Miller says that he remarks on Bosch precisely because Big Sur is a paradise, that is, because its extraordinary reality elicits response from those who witness it, because Big Sur engenders creativity. Miller is struck not only by the place, then, but by the people he comes to know there, people who according to him strive to live up to the grandeur and nobility of their surroundings.27 They show him that solitude is not a matter of isolation, but the condition required to recognize our interconnectedness with one another and the Earth. Reflecting on his neighbors, Miller notes that “their goal is . . . Not back to the safety of the womb, but—out of the wilderness [that is the omnipresent demand for a bigger and better America]!...what they are after is to become as undependent as possible. Interdependent would be more like it.”28 Thus, they would seek to become like the place, to belong to its ambiance, to participate in the exchange of life by which things flourish in their own right and in accord with others. The creativity of Big Sur’s inhabitants on this account does not function through the determinate negation of their environment, fashioning the world in their image, but rather through the affirmation of their accord with the place whereby they fashion themselves in its image. Big Sur’s inhabitants, at least according to Miller, know themselves as part of something larger, and their daily lives and artistic endeavors attest to this.

Speaking for himself, of his own experience, educated and shaped by Big Sur and its inhabitants, Miller reflects on the relation of solitude and community in a way that further develops the ontology implied in the above-traced account of things exemplified in the appeal to Bosch’s oranges. Miller writes: “No, we are never alone. But one has to live apart to know it for the truth…. To be alone, if only for a few minutes, and to realize it with all one’s being, is a blessing.” Because then

the most insignificant blade of grass assumes its proper place in the universe…. One thing becomes just as important as another, one person as good as another. Lowest and highest become interchangeable…. It is then that the bird no longer seems hideous, nor merely to be tolerated because of his scavenger propensities. Nor do the stones in the field then seem inanimate, or to be regarded with an eye toward future walls and buttresses. Even if it lasts for only a few moments, the privilege of looking at the world as a spectacle of unending life and not as a repository of persons, creatures and objects to be impressed into our service, is something never to be forgotten.29

The preternatural character of things not only makes them stand out as if absolute, then, but also renders each thing equivalent with the next. This is not due to an inability to discriminate on our part, but the power of a thing to demand full attention while at the same time being unable to contain itself. Such things are radiant. They acquire their substance not by virtue of their independence, but in the connection they express with all that surrounds them, the effectuation of coexistence. Solitude is not so much a matter of seclusion, then, but a condition of exposure to the palpable excess of life itself beyond our individuality, an intensification of alertness to all that surrounds and supports us.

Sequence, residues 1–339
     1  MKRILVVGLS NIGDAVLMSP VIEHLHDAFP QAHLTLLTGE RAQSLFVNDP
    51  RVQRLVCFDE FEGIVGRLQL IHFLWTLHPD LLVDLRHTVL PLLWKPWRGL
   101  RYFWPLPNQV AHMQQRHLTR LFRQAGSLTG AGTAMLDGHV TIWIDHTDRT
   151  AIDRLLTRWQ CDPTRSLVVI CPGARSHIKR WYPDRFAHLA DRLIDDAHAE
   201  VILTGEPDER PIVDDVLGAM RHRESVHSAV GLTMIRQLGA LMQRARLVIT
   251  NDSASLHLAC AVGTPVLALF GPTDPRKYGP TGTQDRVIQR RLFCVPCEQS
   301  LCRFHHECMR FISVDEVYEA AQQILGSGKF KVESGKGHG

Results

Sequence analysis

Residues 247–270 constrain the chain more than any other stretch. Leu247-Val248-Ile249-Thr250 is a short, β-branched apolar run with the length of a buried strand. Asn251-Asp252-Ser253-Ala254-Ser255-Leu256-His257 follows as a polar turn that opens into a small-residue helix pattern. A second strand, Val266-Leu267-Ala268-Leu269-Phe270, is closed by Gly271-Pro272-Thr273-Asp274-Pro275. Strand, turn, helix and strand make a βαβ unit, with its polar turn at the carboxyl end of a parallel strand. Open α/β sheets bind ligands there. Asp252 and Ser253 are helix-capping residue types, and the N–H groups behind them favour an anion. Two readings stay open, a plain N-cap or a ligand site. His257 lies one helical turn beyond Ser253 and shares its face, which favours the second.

Daily activity within the productive social order makes it difficult to see this way, both over-stimulating and deadening the senses. But so too does always being on the move. When a place possesses the power to still the need that drives us from one thing to another, as if they are disconnected and the new search requires us to leave the old behind like garbage, we discover a time beyond both the order of work and desire. “Stay put and watch the world go round!” says Miller. Indeed, that is why he can say of his own life: It is only “From here on (Big Sur) that things began to happen in earnest.”30

By way of conclusion, I want to emphasize not only that Big Sur taught Miller the beauty of things existing in their own right, radiant in their singular equivalence with each other, nor that we humans are all interconnected. It also taught him that we humans are in some sense equivalent to the things we encounter. He writes,

We have all experienced moments of utter forgetfulness when we knew ourselves as plant, animal, creature of the deep or denizen of the air. … Most everyone has known one moment in his life when he felt so good, so thoroughly attuned, that he has been on the point of explaining: ‘Ah, now is the time to die!’ What is it that lurks here in the very heart of euphoria? The thought that it will not, cannot last? The sense of an ultimate? Perhaps. But I think there is another, deeper aspect to it. I think that in such moments we are trying to tell ourselves what we have long known but ever refuse to accept—that living and dying are one, that all is one, and that it makes no difference whether we live a day or a thousand years.31

This is not some kind of nihilism that says it does not matter if we live or die, of course, but a repudiation of the attempt to live longer without living better, a refusal to live as a slave to work or desire. To identify with the plant, the animal, a creature of the sea or the air is to place oneself on the plane of life itself, to align oneself with the interconnectedness of all that is mortal. It is to recognize in oneself and in excess of personhood the continuity of general life. If living and dying are one, it is only because individuation cannot endure, even though life itself lives through that individuation, and hence lives on death. This is what Bataille means when he says that death is a luxury.32 But Miller goes further and adds: “Had we the power to resurrect the dead, what could we offer that life itself has not already offered, and continues to offer, in full measure?”33 “The point I wish to stress is that in accepting our fate we are not to think that things were destined thus or that we were singled out for special attention, but that by responding to the best in ourselves we may put ourselves in rhythm with higher laws, the inscrutable laws of the universe, which have nothing to do with good or bad, you or me.”34